By Dr. Gyan Pathak
The pace at which India is moving forward in providing social safety net for workforce is too slow to cover entire workforce in years to come. The monthly provisional data just released by the Employees’ Provident Fund Organisation (EPFO) reveals that the situation is still volatile since exit and entry from and into the scheme remains frequent and progress of formalization of the workforce is too slow to cover the entire workforce in foreseeable future under this social security provision meant for providing retirement benefit and pension in old age.
As per the data, EPFO added 15.29 lakh net subscribers during January 2022, an increase of only 2.69 lakh compared to December 2021. However, among the 15.29 lakh net subscribers only around 8.64 lakh new members have been registered under the social security ambit of EPF and Miscellaneous Provisions Act 1952 for the first time. If we compare it with the entire labour force participation in the country which have been hovering around 400 million for quite some time with about 90 per cent of them are employed in informal sector, the process of formalization can certainly be said to be too slow. It means even the employed persons will have to wait for years to come for such a social security cover.
As for volatility of the labour market is concern, it is evident from the data that even from the formal sector employment approximately 6.65 lak net subscribers exited from the EPFO, but were considered to be rejoined on the basis that they instead of opting out for final withdrawal of their deposits they continued their membership with EPFO. That is the system of government’s counting, which needs to be understood rather allowing the government to conceals the very volatility the formal labour market is plagued with.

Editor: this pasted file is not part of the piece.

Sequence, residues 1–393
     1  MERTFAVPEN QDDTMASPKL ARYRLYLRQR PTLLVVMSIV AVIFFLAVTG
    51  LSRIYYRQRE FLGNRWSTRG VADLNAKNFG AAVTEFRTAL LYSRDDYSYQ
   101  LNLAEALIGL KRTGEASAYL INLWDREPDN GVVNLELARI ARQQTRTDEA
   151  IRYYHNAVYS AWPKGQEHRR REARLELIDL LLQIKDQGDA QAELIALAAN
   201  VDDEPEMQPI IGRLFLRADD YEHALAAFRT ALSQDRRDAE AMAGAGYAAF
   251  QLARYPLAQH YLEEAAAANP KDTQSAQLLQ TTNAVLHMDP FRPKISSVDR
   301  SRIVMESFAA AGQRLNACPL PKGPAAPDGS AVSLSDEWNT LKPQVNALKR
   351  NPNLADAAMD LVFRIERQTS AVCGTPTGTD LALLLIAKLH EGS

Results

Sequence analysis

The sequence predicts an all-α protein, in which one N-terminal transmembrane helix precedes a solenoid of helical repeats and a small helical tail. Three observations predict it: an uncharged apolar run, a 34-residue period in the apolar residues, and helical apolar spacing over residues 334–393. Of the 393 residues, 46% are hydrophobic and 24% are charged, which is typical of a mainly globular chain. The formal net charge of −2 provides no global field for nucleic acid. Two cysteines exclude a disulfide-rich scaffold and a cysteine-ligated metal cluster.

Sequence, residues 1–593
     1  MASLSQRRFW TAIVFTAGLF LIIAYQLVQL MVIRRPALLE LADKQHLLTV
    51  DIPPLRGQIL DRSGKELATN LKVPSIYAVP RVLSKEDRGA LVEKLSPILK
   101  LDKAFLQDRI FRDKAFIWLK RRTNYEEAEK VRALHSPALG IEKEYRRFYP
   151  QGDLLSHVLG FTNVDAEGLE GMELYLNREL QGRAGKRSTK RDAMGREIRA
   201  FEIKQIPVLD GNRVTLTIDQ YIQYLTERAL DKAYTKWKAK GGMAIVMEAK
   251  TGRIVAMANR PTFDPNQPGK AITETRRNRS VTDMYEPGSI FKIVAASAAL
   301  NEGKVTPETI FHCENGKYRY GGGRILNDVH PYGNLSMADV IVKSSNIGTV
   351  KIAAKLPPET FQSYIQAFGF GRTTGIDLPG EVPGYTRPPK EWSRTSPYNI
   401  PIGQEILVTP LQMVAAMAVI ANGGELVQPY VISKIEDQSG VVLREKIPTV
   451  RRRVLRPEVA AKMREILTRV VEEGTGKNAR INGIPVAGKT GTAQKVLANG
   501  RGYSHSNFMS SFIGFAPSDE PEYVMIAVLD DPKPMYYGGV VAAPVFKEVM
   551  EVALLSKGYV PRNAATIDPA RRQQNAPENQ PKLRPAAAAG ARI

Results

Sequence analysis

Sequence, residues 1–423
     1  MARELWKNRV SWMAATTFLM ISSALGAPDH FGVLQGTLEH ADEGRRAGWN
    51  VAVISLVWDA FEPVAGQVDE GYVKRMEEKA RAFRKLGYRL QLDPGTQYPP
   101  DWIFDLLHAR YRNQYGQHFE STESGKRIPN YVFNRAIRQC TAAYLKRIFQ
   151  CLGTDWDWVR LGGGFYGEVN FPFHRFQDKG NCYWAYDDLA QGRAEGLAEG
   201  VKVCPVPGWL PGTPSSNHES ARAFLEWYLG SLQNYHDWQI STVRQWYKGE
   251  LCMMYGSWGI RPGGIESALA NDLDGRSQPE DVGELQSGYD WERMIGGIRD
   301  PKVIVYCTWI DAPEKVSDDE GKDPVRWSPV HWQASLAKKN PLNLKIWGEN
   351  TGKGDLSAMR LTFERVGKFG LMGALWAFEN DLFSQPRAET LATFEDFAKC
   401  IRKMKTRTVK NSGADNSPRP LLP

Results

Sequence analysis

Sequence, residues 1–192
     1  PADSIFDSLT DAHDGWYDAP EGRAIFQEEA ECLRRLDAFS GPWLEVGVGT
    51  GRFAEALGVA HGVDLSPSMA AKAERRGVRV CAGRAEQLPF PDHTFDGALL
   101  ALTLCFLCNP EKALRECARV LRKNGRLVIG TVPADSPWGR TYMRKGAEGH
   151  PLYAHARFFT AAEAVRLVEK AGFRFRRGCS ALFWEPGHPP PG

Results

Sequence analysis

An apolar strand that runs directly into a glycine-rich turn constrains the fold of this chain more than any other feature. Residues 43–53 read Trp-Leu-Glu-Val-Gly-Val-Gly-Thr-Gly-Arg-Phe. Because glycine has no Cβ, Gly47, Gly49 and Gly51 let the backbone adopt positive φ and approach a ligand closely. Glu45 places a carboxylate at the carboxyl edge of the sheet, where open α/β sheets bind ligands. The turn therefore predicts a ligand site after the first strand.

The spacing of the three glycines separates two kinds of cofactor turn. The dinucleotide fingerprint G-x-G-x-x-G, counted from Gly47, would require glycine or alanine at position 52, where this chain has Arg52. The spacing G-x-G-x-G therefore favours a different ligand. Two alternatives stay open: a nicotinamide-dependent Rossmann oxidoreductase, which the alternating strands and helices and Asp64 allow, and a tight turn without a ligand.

The payroll data also indicate the declining trend in the number of members exited from the EPFO membership since July, 2021, just after the second wave of the COVID-19 was receding. There is thus a hope in for the future and exit from the membership may further reduce. However, the number is still high that reminds us about the volatility that is far from over even after the third wave of the pandemic is over.
The provisional estimate of net payroll still gives a dismal picture, which is an indication of dismal performance of the Modi Government. The number in January 2022 was just 15.29 lakh, still lower than 15.52 lakh during September 17-18. It peaked to 78.58 lakh in 2019-20, fell to 77.08 next year. The worse came in April 2021 with 7.27 lakh and the worst next month in May with 4.68 lakh net addition. Then the number again started increasing and by September 2021, it reached 12.03 lakh only to slip sharply again to 9.33 lakh in October 2021. It has been steadily increasing since, but the pace is too slow, and at this pace we cannot cover entire employed workforce (around 400 million) under the social security system of the EPFO even in decades.